Scientist’s Notebook: Mosquito Research


Scientist's Notebook
Kelydra Welcker’s home lab.

Kelydra Welcker’s mother has strongly supported her daughter’s science fair projects, but it hasn’t always been easy.

“I’m so glad she went into chemistry,” Kelydra’s mom says. “But I don’t want mosquitoes in my living room anymore. She promised me that, after this year, there would be no more mosquitoes.”

Kelydra’s interest in mosquitoes has taken her far. Thanks to her research in how pollutants affect the pesky insects, the 11th-grader has been a prize-winning finalist at the Discovery Channel Young Scientist Challenge. She has competed twice at the Intel International Science and Engineering Fair (ISEF).

At ISEF last year, Kelydra won two $500 awards for a project called “Mapping Mosquito Biomarkers of Hormonal Manipulation.” At this year’s competition, she won $1,000 from the Patent and Trademark Office Society. The Society of Environmental Toxicology and Chemistry awarded her a student membership.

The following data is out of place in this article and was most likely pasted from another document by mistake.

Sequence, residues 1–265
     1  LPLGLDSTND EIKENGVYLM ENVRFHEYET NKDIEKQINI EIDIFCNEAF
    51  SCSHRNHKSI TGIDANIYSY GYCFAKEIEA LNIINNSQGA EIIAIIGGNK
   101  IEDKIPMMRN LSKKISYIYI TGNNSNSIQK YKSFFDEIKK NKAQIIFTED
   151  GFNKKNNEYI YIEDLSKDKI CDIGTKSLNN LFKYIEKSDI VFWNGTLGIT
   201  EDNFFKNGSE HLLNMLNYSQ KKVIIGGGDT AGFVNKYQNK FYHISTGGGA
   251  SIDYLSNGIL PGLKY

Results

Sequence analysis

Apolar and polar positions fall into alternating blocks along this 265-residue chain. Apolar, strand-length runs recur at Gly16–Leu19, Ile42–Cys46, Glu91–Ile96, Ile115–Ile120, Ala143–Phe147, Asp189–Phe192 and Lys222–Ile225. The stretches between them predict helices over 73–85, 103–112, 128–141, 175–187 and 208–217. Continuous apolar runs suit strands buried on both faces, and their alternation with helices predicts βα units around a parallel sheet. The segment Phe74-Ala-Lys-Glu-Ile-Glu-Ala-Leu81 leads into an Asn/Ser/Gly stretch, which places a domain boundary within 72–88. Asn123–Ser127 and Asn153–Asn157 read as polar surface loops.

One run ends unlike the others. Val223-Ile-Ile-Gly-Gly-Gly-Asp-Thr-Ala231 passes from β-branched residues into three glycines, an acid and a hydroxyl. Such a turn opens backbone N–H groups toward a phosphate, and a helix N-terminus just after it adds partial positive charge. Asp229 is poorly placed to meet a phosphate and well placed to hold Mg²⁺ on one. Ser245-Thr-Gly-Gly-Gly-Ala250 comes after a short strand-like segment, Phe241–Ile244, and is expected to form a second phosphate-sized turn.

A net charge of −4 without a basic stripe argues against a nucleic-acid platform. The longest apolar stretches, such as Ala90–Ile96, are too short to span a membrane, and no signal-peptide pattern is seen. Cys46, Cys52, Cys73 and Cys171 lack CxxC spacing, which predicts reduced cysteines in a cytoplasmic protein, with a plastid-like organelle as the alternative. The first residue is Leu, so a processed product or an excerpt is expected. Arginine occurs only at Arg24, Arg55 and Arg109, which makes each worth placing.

Along the way, Kelydra, 17, has made friends. She has also learned how to share her enthusiasm with people who don’t know much about science. And she is now seeking a patent for a technique she developed to remove a certain toxin from drinking water.

“Don’t be intimidated,” she advises aspiring science fair participants. “Always stick to it.”—Emily Sohn

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